Don’t use hidden text (text with the same colour as its background). They know this trick.

Don’t use doorway pages (landing page strictly for search engines).

When someone tells you to make a page for engines that doesn’t match your content, that’s a warning sign.

Google treats subdomains as completely separate sites. example.com, www.example.com and blog.example.com are treated as three separate sites by Google.

Don’t publish before you’re ready.

Don’t bury your links in JavaScript.

Don’t use too many parameters in your URLs. Use mod_rewrite if necessary.

Don’t stuff keywords into alt attributes. If this practice continues, alt might get weighted less by search engines, and that would be a loss for everyone.

Don’t use images when CSS will do.

If you want to use specific fonts for things like headlines, try sIFR!

Don’t use inline CSS.

Don’t use Flash to replace content. Engines can’t read it.

Links

Don’t attempt to get hundreds or thousands of links at once, especially paid or automated. Search engines “know” about this type of scam. The rule of thumb is that “Natural is good”.

Don’t engage in non-relevant link exchanges.

Don’t participate in link directories. Why would you want to put your link in a page that has just a bunch of other links on it? The links that you want are on pages relevant to your content.

Don’t participate in link farms. It won’t help.

Don’t focus all your links on landing on the home page. Put SEO on every page.

Don’t register lots of domains using fake names and addresses.

Don’t get “green pixel envy” — don’t obsess over PageRank. PageRank covers only link input/output and only updated once every couple of months

Behind the Scenes

Don’t guess what you should do with robots.txt. Use Google Webmaster tools for help!

Don’t have multiple URL variations pointing to the home page. Remember, Google considers “www.homepage.com” and “homepage.com” to be two different sites. Use a 301 redirect to clarify what your preferred domain is.

The Boss Wants It!

When the boss or your client insists on doing something that’s “black hat”, it can pose a dilemma. Remember that they hired you to be the expert — they should trust your judgement. Taking a risk means risking your job.

Do it right the first time. Follow the webmaster guidelines. Fight the good fight. Resist the temptation to go to the dark side.

Be patient. It can take months to get good rankings, but they last!

Build your brand — don’t gamble with it!

Get ahead of the search engine algorithm updates — chances are, if you’re following the guidelines, you’ll be okay.

Who are you optimizing for? For the engines? No! The users!

Don’t forget to communicate with your development team. Be good to them, and they’ll do what you ask!


Scams (Amanda Watlington, Owner, Searching for Profit)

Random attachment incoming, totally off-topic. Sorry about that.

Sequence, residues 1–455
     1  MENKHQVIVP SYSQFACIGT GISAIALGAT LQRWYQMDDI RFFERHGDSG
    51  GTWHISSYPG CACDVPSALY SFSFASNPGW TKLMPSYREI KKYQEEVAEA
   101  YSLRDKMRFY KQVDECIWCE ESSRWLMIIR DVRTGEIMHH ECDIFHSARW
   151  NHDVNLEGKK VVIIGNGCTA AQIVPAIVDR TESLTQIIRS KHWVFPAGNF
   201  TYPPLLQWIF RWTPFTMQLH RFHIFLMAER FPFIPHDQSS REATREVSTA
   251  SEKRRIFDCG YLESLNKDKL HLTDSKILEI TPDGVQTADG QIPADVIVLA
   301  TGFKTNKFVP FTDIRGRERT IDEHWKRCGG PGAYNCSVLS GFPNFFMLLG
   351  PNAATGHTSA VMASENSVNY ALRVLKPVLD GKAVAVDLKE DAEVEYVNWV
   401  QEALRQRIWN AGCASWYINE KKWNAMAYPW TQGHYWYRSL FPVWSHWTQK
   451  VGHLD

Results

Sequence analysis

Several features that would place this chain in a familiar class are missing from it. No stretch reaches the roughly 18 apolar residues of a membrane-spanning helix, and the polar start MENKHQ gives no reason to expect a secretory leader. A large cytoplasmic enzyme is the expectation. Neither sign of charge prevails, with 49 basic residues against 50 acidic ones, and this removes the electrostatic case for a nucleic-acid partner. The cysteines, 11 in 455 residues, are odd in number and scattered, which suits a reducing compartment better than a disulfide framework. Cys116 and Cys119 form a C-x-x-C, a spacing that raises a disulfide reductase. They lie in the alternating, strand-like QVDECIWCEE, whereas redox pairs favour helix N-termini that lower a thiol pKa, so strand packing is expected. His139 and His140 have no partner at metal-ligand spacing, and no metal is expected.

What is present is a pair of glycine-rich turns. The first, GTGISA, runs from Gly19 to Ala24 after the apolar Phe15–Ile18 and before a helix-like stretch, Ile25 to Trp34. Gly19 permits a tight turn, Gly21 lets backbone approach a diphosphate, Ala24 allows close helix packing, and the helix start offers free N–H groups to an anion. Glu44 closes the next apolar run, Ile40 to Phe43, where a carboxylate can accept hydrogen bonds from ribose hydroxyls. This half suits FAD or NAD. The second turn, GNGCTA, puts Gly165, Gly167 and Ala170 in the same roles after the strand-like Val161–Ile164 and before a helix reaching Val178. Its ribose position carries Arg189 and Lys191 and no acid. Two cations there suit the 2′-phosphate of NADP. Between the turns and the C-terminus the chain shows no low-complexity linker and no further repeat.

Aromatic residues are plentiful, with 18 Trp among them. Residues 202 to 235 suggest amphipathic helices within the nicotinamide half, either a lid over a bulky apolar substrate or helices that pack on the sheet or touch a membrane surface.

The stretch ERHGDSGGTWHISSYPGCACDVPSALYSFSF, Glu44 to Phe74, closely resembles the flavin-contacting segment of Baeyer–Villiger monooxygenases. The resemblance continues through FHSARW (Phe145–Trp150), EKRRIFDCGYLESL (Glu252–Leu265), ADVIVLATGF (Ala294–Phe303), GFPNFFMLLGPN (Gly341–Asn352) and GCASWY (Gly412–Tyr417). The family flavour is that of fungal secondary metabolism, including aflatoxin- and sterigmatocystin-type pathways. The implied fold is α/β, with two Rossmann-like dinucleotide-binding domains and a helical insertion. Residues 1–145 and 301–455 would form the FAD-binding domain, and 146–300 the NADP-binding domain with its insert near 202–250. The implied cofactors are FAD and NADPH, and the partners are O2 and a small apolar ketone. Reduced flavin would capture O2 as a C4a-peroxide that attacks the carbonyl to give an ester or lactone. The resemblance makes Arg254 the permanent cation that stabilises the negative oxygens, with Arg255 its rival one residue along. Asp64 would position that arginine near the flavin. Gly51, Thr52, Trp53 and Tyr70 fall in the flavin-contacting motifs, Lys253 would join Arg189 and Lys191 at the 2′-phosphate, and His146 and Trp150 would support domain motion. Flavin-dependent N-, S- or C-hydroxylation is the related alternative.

Scam artist wearing a black hood carrying a wad of bills.

Watch for SEO firms that guarantee #1 rankings. How can they make such a claim? They don’t own the search engines nor maintain them. You have to wonder what keywords might they be able to do this for.

Watch for firms that present proof of achieved #1 rankings. These #1 spots were achieved for very long-tail keyword combinations and non-competitive keywords and phrases. “It’s just fancy footwork.”

When an SEO firm suggests creating entry pages, doorway pages, hallway pages that don’t link to your navigation and may be hosted on other domains, run!

Beware of claims of “secret sauces” or when they say “we can’t tell you how we do it”. That’s a good indicator that they’re black hat SEO. Remember, it’s your site and your business’ reputation!

Watch out for claims of special relationships with insiders at search engine companies — “Oh, I know Matt Cutts!” Matt Cutts is a friendly, gregarious guy, and lots of people have at least met him. Google doesn’t have relationships with SEOs and neither do the other serious search engine companies.

Another warning sign: Linking schemes or things that sound like them. These require you to link to other clients of the same SEO as well as the SEO’s site. They may also offer paid link programs, which have recently come under fire. They promise lots of links via submissions to fake or obscure search engines, focusing on creating lots of links through “free for all” link pages. They claim to automatically get you links from blogs or social media sites. They’re scams!

If a firm claims to advertise for “hundreds of clients”, yet has only been around a very few years and has only a handful of employees, be wary.

Also be wary if the SEO doesn’t outline how they’ll spend your money. These people typically use it on paid ads and try to pass them off as organic search results.

Social media is a new can of worms — black hat SEOs view them as new toys to play with.

Remember, if it extracts value through trickery, it’s a scam. Fake content is a scam and fake blogs are scams.

“I’m a real believer in litmus tests.”

Flash intro pages: bad idea. Why are you putting “skip intro” on your landing page, the most valuable piece of real estate? (Try Googling for “skip intro” or “download flash”) Put indexable content on your landing page!

{ 1 comment… read it below or add one }

David Sky June 19, 2008 at 6:43 pm

Thanks for the summary, Joey. The content, though seems pretty much like the same-old-same-old, in a way. I guess people need to hear again and again “write for users, not for spiders”. I assume these talks were focusing on traditional search engines?

Was there much talk about future search technologies and how to prepare for them? Semantic search? Micro-blog search ( I’m amazed at how useful Summize can be for breaking news searches.)

David – @seemsArtless on Twitter